AMY GOODMAN: I’m wondering if you can talk about a key figure in U.S. police history, August Vollmer, who you go into in Power.

YANCE FORD: Yeah. August Vollmer is deployed to the Philippines after the Spanish-American War and the United States occupation of the Philippines after the Spanish-American War. And he’s part of this specialized unit that’s charged with going into the interior of the country to root out the resistance to the American occupation, to crush that resistance and to take over that land. And what August Vollmer learns while he’s away are the strategies of war and the strategies of occupation, the strategies of, you know, counterinsurgency, as you will. And when he returns to the United States from the Philippines, he brings that counterinsurgency mindset with him. And he becomes the police chief in Berkeley, California. And quickly, you know, the mindset of counterinsurgency — right? — seeing people who might be criminals as threats to the national order, seeing people who might be expressing dissent as existential threats to the country, that’s directly from his experience in the Philippines.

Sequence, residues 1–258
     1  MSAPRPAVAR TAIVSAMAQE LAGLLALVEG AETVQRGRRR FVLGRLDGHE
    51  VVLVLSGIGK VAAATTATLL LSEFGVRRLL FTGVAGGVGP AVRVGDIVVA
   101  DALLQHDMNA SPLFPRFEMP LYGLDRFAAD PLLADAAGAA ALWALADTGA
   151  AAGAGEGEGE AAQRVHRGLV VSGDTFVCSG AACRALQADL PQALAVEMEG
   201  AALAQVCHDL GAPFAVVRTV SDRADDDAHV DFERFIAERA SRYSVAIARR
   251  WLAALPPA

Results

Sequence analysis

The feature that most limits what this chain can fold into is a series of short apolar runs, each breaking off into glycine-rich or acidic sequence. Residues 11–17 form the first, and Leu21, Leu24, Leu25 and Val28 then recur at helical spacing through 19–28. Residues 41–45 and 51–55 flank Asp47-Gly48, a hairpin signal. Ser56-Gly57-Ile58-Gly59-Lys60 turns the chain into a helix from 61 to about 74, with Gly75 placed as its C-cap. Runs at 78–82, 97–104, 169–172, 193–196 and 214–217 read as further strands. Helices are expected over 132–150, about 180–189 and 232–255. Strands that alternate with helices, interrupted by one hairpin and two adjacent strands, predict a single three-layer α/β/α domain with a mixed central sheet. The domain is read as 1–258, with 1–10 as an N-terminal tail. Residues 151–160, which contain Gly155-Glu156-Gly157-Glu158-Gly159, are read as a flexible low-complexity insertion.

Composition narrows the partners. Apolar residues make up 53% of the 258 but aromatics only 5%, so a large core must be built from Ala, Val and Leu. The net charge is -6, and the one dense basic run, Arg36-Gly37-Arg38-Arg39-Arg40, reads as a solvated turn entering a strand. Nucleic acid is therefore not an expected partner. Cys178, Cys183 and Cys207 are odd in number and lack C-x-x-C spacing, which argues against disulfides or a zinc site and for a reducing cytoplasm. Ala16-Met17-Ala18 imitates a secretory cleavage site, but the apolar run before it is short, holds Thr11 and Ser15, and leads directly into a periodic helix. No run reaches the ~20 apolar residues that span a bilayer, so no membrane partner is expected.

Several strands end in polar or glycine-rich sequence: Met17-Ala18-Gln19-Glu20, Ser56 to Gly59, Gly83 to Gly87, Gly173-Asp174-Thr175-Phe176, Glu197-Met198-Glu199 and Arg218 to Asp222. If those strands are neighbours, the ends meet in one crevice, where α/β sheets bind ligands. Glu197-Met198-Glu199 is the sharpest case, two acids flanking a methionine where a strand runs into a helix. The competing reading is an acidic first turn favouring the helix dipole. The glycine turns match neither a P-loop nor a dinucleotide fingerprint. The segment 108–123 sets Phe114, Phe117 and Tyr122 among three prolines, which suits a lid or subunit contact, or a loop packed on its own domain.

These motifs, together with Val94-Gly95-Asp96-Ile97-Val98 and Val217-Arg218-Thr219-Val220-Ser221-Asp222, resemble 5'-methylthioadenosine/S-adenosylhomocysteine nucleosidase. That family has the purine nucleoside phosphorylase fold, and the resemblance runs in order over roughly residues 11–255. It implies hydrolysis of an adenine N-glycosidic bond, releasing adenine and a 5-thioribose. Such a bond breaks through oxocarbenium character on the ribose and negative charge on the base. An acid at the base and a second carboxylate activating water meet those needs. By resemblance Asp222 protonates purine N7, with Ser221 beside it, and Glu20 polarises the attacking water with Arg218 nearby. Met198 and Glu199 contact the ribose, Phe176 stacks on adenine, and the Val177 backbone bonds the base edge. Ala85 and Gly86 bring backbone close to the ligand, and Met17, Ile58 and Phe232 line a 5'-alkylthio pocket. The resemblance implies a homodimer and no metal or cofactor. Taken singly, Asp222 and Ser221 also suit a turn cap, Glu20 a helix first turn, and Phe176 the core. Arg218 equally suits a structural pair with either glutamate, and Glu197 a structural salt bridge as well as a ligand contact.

And so, when we come to understand, by watching this film, how much of our domestic policing was actually influenced by this feedback loop of American occupation overseas, then it’s not a surprise, then, when you see equipment — sorry, when you see personnel carriers that look like they are straight from the battlefield. It’s because they are straight from the battlefield. They are, you know, military equipment that’s given to, granted to or sold to police departments around the country to specifically enact the use of police as, frankly, small militaries whose job it is to suppress dissent.